Oil rises on surprise draw in US stocks, prospect of OPEC action

A pumpjack in Signal Hill, California. (AFP)
Updated 23 October 2019

Oil rises on surprise draw in US stocks, prospect of OPEC action

  • OPEC, allies to mull deeper production cuts
  • Weak demand growth outlook weighs on sentiment

HOUSTON: Oil rose above $60 a barrel on Wednesday after government data showed a surprise draw in US crude stocks and as the prospect of deeper output cuts by OPEC and its allies offered support.
US crude stocks fell by 1.7 million barrels last week as refineries hiked crude runs by 429,000 barrels per day (bpd), the Energy Information Administration said. Analysts had expected an increase in US inventories of 2.2 million barrels.
Brent crude futures were up 44 cents, or 0.74%, to $60.14 a barrel at 10:13 a.m. CDT . West Texas Intermediate (WTI) crude futures for December delivery were up 48 cents, or 0.88%, to $54.96 per barrel.
Oil prices had fallen earlier in the session on data from industry group the American Petroleum Institute showing US stocks rising more than analysts had expected, by 4.5 million barrels to 437 million barrels.
The US Energy Department’s report “has put some buyers in the market, but it will be interesting to see if it lasts. While this will distract from demand destruction, the market will eventually come back to it,” said Gene McGillian, vice president of market research at Tradition Energy in Stamford, Connecticut.
The draw in US oil stocks appeared to have been caused by temporary market factors including higher refinery runs, rather than a fundamental firming of oil demand, and investors are still concerned about the global economy following reports of slowing growth in China and Europe, McGillian added.
A larger-than-expected decline in US gasoline stocks also supported prices, analysts said. Gasoline stocks fell by 3.1 million barrels, compared with analysts expectations of a 2.3 million-barrel drop.
“The continued decline in product inventory makes for a bullish report,” said John Kilduff, a partner at Again Capital LLC in New York. “Gasoline numbers are summer-like; that’s endemic of a good economy (in the US) and people driving to work.”
Also helping to underpin prices, the Organization of the Petroleum Exporting Countries is mulling whether to deepen production cuts amid concerns of weak demand growth next year.
OPEC and other oil producers including Russia, a group known as OPEC+, have pledged to cut production by 1.2 million barrels per day (bpd) until March 2020. OPEC and other non-members are scheduled to meet again Dec. 5-6.
“With the headwinds of strong US producer hedging and high freight rates fading, we expect stronger Brent timespreads and higher prices in coming weeks, with upside risk to our year-end $62 per barrel forecast,” Goldman Sachs said in a note.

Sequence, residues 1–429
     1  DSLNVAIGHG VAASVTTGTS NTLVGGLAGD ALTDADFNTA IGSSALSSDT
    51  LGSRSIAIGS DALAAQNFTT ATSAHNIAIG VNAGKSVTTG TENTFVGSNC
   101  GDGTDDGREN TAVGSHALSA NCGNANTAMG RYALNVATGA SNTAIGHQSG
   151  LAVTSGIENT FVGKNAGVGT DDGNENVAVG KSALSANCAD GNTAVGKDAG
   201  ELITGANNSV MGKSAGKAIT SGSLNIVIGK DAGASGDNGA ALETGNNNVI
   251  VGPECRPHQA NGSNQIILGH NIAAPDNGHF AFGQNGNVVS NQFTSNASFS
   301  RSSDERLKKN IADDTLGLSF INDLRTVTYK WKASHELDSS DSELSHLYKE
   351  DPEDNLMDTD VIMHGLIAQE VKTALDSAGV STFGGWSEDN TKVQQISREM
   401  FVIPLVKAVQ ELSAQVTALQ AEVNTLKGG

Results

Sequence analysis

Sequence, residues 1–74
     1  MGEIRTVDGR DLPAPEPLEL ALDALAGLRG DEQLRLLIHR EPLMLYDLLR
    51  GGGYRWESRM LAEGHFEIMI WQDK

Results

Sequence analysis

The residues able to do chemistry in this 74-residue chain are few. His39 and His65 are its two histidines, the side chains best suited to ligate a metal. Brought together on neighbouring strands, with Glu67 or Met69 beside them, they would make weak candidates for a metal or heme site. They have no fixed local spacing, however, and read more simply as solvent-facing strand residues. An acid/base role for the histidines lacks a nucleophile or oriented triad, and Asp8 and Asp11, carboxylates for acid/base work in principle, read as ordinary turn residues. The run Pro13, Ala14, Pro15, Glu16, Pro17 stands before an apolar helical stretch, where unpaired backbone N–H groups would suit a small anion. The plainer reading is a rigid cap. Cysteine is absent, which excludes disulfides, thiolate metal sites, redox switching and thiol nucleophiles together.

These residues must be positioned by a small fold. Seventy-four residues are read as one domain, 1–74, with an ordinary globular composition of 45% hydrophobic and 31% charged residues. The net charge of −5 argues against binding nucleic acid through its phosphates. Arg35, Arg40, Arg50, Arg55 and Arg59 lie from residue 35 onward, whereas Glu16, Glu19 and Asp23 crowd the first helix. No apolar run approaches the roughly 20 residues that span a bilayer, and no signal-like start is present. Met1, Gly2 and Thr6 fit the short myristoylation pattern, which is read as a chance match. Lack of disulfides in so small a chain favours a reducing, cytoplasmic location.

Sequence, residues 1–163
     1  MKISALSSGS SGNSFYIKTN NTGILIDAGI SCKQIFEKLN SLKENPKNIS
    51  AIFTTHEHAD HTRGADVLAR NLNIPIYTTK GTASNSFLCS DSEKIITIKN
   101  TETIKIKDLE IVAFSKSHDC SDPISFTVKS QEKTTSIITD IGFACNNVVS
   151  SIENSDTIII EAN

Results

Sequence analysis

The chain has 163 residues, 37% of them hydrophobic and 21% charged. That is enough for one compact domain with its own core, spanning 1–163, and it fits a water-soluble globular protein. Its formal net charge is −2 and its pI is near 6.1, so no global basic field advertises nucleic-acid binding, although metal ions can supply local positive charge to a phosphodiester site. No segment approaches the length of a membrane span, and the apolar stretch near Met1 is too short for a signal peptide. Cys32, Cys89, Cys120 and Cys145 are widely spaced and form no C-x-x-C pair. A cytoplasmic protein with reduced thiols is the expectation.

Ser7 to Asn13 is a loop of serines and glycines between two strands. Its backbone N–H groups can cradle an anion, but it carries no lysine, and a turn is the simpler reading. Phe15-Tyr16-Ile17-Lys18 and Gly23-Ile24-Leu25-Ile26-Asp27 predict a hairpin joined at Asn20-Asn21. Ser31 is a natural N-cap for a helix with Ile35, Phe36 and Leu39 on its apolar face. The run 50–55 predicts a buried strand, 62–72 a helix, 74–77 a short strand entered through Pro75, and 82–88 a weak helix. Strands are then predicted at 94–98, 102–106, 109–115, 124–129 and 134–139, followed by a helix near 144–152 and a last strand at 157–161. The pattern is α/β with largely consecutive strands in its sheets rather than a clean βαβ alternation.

The investment bank expects Brent prices to continue trading around $60 a barrel in 2020.


WEEKLY ENERGY RECAP: Keeping things in balance

Updated 08 December 2019

WEEKLY ENERGY RECAP: Keeping things in balance

  • The over-compliance will result in cuts of 1.7 million bpd

Brent crude rose above $64 per barrel after OPEC+ producers unanimously agreed to deepen output cuts by 503,000 barrels per day (bpd) to a total 1.7 million bpd till the end of the first quarter of 2020.

The breakdown is that OPEC producers are due to cut 372,000 bpd and non-OPEC producers to cut 131,000 bpd.

Current market dynamics led to this decision as oil price-positive news outweighed more bearish developments in the US-China trade narrative that has weighed on oil prices throughout the year, with US crude exports rising to a record 3.4 million bpd in October versus 3.1 million bpd in September.

OPEC November crude oil output levels at 29.8 million bpd show that producers were already overcomplying with its current 1.2 million bpd output cuts deal by around 400,000 bpd. 

The over-compliance will result in cuts of 1.7 million bpd, especially when Saudi Arabia continues to voluntarily cut more than its share.

This makes the agreed 1.7 million bpd output cuts pragmatic since it won’t taken any barrels out of the market.

It isn’t a matter of OPEC making room in the market for other additional supplies from non-OPEC sources, as OPEC barrels can’t be easily replaced.

Instead, this is about avoiding any oversupply that might damage the global supply-demand balance.

Saudi energy minister Prince Abdulaziz bin Salman has effectively kept his promise and managed to smoothly forge a consensus among OPEC and non-OPEC producers.

He has also successfully managed the 24-country coalition of OPEC+ including Russia in reaching an agreement.

Despite suggestions otherwise in recent coverage of the Vienna meeting, the deeper cuts announced on Friday have nothing to do with the Aramco IPO. Let’s remember this meeting was scheduled six months ago and the IPO has been in the works for much longer.

The Aramco share sale did not target a specific oil price. If that was a motivating factor it could easily have chosen another time.